Common sense ideas for health care reform

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By The Staff

We can all agree America needs healthcare reform, and an important debate is taking place in this country about how to best achieve that. I think answers can be found in the story of the government’s “Cash for Clunkers” and stimulus programs. The problems with these programs show why Americans are right to be skeptical of a government takeover of health care.

Congress set aside $1 billion this June for Cash for Clunkers, encouraging people to trade in their older cars for newer, more fuel-efficient models. That amount was supposed to last for several months—until it ran out in just one week, prompting Congress to rush a $2-billion extension before anyone even had time to figure out what happened to the first billion.

Many of the same folks told us earlier this year that we had to rush to pass a $1-trillion stimulus bill with the promise that it would “save or create” millions of jobs. Instead, we’ve lost two million jobs since it was passed.

Now the same people who brought you Cash for Clunkers and the trillion-dollar stimulus have another idea. They want to go down the road toward a government takeover of America’s health care system.

Getting the cost estimates for Cash for Clunkers wrong—wildly wrong—was just embarrassing. Getting health care wrong, however, could cost trillions of dollars, add to our unsustainable national debt, force Americans off the health insurance they already have and like, leave them paying more for worse care than they now receive, and lead to the same kind of denial, delay, and rationing of care we see in other countries.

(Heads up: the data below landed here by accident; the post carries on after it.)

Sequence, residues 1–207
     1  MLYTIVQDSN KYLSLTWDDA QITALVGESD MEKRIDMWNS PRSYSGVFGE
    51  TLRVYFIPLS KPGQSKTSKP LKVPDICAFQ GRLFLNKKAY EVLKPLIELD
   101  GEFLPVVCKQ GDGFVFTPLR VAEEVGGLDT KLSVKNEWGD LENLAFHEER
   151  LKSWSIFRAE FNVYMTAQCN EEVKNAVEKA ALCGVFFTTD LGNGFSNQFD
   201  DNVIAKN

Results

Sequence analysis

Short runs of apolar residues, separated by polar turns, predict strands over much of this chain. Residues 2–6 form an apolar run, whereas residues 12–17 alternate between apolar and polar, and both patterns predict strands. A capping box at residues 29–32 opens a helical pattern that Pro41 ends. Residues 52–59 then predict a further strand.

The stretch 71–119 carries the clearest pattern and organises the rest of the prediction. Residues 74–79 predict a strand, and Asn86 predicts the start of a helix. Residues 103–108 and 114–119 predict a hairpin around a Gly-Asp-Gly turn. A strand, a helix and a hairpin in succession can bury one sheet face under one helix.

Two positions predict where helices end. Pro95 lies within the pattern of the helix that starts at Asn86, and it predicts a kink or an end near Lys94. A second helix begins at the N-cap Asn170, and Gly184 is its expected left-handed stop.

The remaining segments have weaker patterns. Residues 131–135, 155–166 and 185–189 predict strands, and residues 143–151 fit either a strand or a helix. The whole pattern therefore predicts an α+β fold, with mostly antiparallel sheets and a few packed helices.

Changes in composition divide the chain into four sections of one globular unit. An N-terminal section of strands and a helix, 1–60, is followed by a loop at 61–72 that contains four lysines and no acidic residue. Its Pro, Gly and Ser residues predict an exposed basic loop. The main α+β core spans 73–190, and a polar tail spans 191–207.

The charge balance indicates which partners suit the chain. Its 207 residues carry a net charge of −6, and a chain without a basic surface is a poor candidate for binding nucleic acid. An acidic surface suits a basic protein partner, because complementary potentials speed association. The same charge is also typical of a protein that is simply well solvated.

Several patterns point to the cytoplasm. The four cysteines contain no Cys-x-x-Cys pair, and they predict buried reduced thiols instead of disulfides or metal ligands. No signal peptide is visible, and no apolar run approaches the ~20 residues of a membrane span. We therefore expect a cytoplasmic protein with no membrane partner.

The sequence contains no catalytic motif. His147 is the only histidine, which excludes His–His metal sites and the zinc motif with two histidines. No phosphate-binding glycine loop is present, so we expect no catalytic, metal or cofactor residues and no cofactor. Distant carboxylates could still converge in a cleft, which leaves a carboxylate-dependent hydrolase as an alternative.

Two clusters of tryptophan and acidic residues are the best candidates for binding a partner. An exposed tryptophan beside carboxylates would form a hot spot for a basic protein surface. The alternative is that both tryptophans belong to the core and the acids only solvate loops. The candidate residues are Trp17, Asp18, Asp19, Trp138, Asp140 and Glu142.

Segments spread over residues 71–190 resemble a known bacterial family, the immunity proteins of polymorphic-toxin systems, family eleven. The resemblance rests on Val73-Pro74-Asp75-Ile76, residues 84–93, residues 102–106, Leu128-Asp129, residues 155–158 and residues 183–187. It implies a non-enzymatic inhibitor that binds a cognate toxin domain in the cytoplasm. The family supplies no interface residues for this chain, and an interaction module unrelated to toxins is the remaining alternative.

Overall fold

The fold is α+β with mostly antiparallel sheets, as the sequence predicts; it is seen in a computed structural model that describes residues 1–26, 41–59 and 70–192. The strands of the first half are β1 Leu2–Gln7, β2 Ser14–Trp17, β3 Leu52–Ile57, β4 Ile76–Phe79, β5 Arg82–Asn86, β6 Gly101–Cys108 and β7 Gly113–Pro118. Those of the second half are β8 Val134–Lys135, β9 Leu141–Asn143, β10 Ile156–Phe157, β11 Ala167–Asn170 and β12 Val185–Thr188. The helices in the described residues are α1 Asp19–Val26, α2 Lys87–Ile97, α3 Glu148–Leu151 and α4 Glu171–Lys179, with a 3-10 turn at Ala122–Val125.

But there are some positive steps government can take that should be easy for everyone to agree on and that would make health care less expensive and more accessible.

Junk lawsuits on doctors and hospitals drive up healthcare costs and limit access to care in many places, including Kentucky, by forcing these providers, in many cases, to limit the care they provide. Placing reasonable limits on medical-liability lawsuits can lower costs.

Most insurance plans pay for care when people get sick but don’t do enough to encourage them to stay healthy. Programs that provide incentives to do things like exercise regularly or stop smoking can drive down costs. Any healthcare reform Congress enacts ought to provide these incentives.

Many Americans want to make sure their insurance will cover treatments for their pre-existing health conditions. We should work to provide those protections, without unnecessarily raising the costs on millions of Americans who have coverage today.

Congress can also fix unfair tax laws concerning health care. Right now, companies that provide health insurance to their employees can deduct the cost of those premiums from their taxes. But individuals who buy their own coverage cannot. Congress should change that. We should also not burden small businesses with new taxes or mandates that will kill jobs.

These are common-sense ideas that both Republicans and Democrats could meet in the middle on. Then Congress could enact healthcare reform that all of us want—and that all Americans could embrace.

In hindsight, it’s clear the Cash for Clunkers and stimulus programs were rushed through and not well thought out, and certainly did not deliver as advertised. We can’t make the same mistakes with America’s health care—it’s just too important.

Congress and the president ought to work together to come to agreement on sensible, bipartisan reform. And we need to be sure to listen to the American people and pass the kind of reforms that really work. Otherwise, we could end up with a real clunker.

Senator Mitch McConnell